The difference between Braque’s early work with Picasso and his later work without him is Paul Cézanne, whose work loomed large over all the great work before World War I. It was Braque’s struggle with Cézanne’s notion of passage—a signature hatching mark that Cézanne used to blend foreground with background, feature with landscape—that drove some of the best experiments in Cubism. The clash with Cézanne is absent from such later works as “Pitcher, Lemons, Fruit Dish” (1928) or “The Crystal Vase” (1929), paintings in which Braque wrestled with surface treatments instead. Braque’s Cubist still-life paintings are less Cubist and more still-life for it: He employs different kinds of brush strokes, for instance, to more accurately depict the various surfaces of marble, glass, and so on—techniques honed when he was a house painter.
Braque’s admirers will adore the Phillips Collection for its close, technical look under the hood of these still-life paintings. The museum brings a variety of tools to bear to demonstrate how Braque employed powdered quartz and fine gravel, for example, to achieve the surface of such paintings as “The Pink Tablecloth” and “Fruit, Glass, and Mandolin.” Yet the museum’s historical chronology of Braque’s career and events across Europe reveals alarming details about Braque’s work at the time. The museum notes that Carl Einstein—the art historian who tirelessly advocated for Braque, to the point of organizing Braque’s first survey, in Switzerland, in 1933—committed suicide on July 5, 1940, unable to escape the Nazis.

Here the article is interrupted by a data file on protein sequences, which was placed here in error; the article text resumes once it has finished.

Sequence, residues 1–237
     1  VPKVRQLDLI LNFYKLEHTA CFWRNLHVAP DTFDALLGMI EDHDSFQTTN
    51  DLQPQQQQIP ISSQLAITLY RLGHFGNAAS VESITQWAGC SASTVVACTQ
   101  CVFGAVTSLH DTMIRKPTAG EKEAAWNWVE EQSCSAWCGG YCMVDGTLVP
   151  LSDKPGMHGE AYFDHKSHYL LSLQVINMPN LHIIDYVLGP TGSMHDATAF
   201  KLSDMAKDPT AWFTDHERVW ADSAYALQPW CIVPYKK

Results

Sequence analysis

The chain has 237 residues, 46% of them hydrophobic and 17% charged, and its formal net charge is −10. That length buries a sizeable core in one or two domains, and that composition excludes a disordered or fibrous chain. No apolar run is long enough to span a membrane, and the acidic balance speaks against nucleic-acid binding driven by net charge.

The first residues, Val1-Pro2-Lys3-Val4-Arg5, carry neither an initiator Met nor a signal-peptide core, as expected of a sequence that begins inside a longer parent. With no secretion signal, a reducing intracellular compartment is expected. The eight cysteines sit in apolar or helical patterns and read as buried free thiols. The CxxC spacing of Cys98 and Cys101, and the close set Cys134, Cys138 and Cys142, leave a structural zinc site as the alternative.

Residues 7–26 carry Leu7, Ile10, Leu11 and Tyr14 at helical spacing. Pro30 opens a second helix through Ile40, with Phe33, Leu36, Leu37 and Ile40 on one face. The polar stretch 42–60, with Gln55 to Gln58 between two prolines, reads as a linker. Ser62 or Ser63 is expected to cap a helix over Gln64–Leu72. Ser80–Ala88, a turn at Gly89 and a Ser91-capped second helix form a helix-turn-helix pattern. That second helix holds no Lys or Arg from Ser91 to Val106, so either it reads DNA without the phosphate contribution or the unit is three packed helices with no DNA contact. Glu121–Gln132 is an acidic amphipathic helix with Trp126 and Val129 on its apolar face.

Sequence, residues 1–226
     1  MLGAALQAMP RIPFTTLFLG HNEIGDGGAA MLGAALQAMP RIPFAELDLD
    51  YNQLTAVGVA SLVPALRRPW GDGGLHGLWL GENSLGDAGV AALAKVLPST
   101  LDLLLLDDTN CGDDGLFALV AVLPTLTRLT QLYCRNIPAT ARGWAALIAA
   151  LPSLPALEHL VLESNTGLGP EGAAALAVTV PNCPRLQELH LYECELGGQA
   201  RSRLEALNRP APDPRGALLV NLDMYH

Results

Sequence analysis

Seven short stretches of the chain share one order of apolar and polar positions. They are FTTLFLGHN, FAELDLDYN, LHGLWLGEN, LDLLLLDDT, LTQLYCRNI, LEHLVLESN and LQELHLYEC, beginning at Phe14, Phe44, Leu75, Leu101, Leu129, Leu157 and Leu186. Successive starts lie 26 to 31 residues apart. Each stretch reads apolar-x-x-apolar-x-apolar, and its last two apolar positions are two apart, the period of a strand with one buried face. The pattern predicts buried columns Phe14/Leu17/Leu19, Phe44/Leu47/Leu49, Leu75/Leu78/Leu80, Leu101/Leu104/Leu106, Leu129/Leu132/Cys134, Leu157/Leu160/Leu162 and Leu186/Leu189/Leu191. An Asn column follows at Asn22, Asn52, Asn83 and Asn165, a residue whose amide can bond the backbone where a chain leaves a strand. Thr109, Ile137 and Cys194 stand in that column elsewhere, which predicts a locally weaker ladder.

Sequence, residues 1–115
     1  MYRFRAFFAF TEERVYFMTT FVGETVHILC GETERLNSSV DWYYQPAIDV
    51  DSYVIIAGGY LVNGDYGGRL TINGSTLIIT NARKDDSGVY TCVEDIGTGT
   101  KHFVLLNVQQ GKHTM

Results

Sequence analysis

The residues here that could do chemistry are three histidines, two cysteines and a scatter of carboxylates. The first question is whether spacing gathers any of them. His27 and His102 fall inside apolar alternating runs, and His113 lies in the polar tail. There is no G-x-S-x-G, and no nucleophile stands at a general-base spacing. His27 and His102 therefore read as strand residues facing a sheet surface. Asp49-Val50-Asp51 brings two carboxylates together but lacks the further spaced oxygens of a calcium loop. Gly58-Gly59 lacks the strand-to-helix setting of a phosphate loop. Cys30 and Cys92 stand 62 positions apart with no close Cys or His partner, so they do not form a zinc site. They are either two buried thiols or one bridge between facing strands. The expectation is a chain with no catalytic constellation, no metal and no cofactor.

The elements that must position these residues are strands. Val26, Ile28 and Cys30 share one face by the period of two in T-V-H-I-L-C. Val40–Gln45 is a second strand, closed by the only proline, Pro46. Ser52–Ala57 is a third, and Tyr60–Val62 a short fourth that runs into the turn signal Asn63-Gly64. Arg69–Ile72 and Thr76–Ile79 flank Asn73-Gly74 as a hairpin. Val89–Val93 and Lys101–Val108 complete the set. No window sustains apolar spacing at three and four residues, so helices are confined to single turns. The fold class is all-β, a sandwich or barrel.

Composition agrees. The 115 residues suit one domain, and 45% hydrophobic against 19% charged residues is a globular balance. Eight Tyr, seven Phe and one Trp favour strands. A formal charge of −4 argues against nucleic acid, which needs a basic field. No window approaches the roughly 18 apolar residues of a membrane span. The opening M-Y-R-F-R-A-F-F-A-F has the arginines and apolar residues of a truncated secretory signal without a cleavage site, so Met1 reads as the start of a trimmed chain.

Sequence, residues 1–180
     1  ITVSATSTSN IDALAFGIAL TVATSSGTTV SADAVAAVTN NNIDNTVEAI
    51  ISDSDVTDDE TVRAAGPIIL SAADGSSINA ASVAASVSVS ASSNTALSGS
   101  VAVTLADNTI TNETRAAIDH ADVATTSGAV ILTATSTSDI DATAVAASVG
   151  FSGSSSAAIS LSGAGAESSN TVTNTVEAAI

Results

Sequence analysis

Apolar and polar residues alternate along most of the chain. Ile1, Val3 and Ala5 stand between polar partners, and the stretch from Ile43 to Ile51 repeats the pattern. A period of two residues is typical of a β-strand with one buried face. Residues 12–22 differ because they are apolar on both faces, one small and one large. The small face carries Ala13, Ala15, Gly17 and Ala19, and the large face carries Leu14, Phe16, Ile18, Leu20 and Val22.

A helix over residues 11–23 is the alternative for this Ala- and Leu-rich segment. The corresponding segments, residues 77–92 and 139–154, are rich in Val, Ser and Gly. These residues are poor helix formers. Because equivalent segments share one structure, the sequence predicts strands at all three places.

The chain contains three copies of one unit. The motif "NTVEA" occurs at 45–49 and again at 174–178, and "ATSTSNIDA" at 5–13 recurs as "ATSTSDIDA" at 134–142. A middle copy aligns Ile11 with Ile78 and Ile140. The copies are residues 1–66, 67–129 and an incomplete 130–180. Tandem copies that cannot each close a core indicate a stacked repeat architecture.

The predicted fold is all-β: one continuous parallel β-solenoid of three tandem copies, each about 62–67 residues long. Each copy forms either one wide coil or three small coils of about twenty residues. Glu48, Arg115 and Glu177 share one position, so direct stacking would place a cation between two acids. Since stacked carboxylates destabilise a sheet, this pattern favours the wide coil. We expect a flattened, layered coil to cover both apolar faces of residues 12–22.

There is virtually no acknowledgement of pre-World War II anxiety in Braque’s still-life paintings—except, possibly, for the emergence of a skull in some still-life paintings in 1938. (Braque himself said that he was simply interested in the skull as form.) If Braque was suffering from any continental dread, he rarely acknowledged it—accepting only grudgingly any relationship between art and politics. “The painter lives through his age,” Braque offered in an interview in 1939. “But his work depends too much on the past for him to accommodate the changes of the hour.” In 1937, Picasso painted “Guernica,” one of the great works of lament and protest of all time. In 1942, Braque painted “Washstand Before the Window”—a wonderful still-life that precedes by six years the composition of Matisse’s masterpiece, “Interior with Egyptian Curtain” (on view in the Phillips Collection’s lobby), but a strictly academic accomplishment, given the circumstances.
It’s tempting to cast a critical eye on Braque’s place of honor in the Salon d’Automne in occupied Paris in 1943: He was historically radical enough to merit the honor, but at the time traditional enough so as to not offend anyone’s sensibilities. There is another way to think of Braque: as an obsessive. Once exposed to the possibilities of Cubism, he could not be diverted. The Phillips Collection exhibition makes the case for Braque as avant-guerre, if not avant-garde: the artist who never left one moment in time, the singular prewar concern with space, motion, and simultaneity, even as the world around him refused to stand still.